Dwanya Hickerson first met Dee Whigham virtually. The two had chatted online for two months before deciding to meet up in person while Whigham was in Biloxi, Mississippi with friends.
Unfortunately, July 23, 2016 was the last time Whigham’s friends ever saw her alive. When they arrived at the Best Western Hotel, they discovered a bloody scene: Whigham’s butchered body lay abandoned, her purse picked through, and Hickerson was nowhere to be found.
Whigham had been stabbed 119 times, with the autopsy later revealing that her face suffered the brunt of the knife wounds.
Hickerson allegedly committed the brutal hate crime all because Whigham had disclosed that she was a transgender woman.
Two days after the fact, Hickerson was arrested on Keesler Air Force Base. He was a sailor and was stationed at Keesler for training.
When the surveillance tape from the night was publicly released, it revealed Hickerson leaving the hotel room 23 minutes after he and Whigham arrived from their date. An instructor on base at Keesler recognized Hickerson in the footage and reported him to the authorities.
Hickerson pleaded guilty to second-degree murder and robbery. While in court, the 21-year-old explained the reasoning behind his action. He told the court:
“She told me she was born a man […] And I just lost it. I lost my mind.”
WLOX reported that while Whigham identified as a woman, she had not yet undergone any kind of gender reassignment surgery.Screenshot/WLOX
Whigham’s family and the transgender community are devastated by this loss. Surprisingly, despite their sadness, the family expressed minimal anger toward the killer.
Denisha Whigham, the victim’s sister, said:
“I didn’t approve of his lifestyle. So, I can understand what you say happened, happened. I can understand your anger. But, I miss my brother.”
Violence against those in the transgender community is fairly common. 2016 was “the deadliest year on record for the LGBTQ community,” with a 17 percent increase in homicides from 2015.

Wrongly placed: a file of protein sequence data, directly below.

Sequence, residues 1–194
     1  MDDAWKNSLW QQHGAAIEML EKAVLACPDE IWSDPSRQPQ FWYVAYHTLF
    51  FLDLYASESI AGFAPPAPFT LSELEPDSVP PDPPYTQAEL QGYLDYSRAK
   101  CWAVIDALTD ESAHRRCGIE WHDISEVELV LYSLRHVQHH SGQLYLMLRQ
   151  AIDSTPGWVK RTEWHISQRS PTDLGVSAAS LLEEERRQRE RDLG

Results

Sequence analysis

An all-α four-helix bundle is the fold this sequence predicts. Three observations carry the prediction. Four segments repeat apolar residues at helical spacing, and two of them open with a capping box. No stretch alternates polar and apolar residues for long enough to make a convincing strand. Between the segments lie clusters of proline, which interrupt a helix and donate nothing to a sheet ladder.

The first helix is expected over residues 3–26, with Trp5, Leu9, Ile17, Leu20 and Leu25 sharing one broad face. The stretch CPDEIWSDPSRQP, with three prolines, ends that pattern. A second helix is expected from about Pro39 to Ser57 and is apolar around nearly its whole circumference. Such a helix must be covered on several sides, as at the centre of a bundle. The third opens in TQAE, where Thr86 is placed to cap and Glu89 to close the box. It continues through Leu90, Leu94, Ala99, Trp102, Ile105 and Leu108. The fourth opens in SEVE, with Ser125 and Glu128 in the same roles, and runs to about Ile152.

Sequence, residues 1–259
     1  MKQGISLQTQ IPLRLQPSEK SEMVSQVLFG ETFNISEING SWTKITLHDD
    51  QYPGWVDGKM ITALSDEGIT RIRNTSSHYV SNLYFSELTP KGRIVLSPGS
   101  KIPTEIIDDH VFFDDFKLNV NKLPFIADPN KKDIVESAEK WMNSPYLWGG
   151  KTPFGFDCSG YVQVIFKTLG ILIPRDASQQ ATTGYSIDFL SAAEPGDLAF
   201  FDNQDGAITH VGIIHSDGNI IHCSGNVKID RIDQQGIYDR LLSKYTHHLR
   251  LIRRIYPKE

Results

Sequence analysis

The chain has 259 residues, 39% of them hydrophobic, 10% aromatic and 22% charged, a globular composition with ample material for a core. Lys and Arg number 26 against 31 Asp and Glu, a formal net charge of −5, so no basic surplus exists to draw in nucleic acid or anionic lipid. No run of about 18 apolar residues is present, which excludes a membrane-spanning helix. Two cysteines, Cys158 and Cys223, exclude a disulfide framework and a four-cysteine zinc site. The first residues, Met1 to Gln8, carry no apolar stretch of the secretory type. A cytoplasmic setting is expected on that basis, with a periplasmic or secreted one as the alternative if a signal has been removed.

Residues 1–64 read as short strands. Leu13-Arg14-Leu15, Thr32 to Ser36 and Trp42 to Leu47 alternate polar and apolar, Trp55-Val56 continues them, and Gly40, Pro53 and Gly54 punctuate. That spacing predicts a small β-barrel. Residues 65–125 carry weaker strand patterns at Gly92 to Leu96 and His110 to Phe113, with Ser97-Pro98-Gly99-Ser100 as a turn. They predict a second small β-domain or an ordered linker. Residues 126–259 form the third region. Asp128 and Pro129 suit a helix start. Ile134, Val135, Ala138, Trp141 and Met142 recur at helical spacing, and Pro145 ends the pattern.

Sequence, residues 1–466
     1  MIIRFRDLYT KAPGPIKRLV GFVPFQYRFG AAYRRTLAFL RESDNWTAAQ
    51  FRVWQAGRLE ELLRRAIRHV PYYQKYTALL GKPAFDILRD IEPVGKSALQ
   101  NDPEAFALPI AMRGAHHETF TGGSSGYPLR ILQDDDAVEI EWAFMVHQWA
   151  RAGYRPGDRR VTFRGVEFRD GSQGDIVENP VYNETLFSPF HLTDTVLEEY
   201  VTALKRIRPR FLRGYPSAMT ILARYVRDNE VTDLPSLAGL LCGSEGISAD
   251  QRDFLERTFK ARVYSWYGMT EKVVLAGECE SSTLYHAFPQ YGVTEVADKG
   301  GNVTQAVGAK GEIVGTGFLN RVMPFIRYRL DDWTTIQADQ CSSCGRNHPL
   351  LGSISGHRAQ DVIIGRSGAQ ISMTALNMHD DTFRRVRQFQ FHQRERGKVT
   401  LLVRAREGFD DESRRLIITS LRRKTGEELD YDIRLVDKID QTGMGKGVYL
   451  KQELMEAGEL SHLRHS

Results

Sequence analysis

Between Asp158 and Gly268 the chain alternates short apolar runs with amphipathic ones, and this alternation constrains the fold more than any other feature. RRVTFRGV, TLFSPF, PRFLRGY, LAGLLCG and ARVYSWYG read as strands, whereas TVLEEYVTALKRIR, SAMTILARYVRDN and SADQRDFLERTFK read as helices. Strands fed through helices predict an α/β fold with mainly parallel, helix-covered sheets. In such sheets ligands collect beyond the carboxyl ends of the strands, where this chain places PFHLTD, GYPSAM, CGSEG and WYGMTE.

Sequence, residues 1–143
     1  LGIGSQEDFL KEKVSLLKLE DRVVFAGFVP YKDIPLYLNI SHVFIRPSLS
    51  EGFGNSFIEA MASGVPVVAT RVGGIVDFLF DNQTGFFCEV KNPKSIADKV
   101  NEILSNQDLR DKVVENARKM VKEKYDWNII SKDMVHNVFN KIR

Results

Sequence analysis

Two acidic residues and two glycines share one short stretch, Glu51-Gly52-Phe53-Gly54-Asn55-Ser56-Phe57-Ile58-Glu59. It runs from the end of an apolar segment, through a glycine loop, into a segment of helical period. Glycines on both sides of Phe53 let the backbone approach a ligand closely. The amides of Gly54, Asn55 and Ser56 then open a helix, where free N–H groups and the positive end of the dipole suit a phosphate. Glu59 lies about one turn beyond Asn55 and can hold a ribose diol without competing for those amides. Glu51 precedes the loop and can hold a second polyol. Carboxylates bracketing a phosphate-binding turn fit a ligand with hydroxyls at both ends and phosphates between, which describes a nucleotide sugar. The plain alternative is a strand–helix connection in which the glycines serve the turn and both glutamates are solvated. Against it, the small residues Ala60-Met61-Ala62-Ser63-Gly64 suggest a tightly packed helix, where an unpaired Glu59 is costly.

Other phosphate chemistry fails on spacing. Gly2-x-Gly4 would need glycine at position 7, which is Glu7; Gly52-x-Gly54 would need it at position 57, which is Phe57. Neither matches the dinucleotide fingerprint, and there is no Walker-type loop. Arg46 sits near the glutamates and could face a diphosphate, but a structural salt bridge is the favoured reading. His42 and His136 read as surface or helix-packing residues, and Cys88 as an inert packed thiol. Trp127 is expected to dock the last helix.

The National Coalition of Anti-Violence Programs (NCAVP) is constantly working to end “all forms of violence against and within lesbian, gay, bisexual, transgender, queer and HIV-affected communities.” Emily Waters, a speaker at the New York City Anti-Violence Project said:
“In order to end violence, we must shift culture to be loving and affirming of LGBTQ communities. The visibility of anti-LGBTQ violence is important, but equally necessary are stories of LGBTQ people thriving and living their truths. Presenting these positive ways of existing in the world opens the door for everyone to live their uniquely full selves.”
After his confession, Hickerson was sentenced to 40 years in prison, “with no possibility of parole for the murder charge,” with an additional 15 years tacked on for the robbery charge.
District Attorney Tony Lawrence said:
“I think when we resort to violence, there’s never a good ending. And that’s what happened in this case. Two families walked away from this courtroom today, without their family members.”
A candlelight vigil was held for Whigham following her murder, where Reverend Errol Montgomery-Robertson said:
“Our hearts ache, our tears flow, our anger rages. We feel a deep wound. We mourn the loss of what could have been, what would have been and what should be — but cannot.”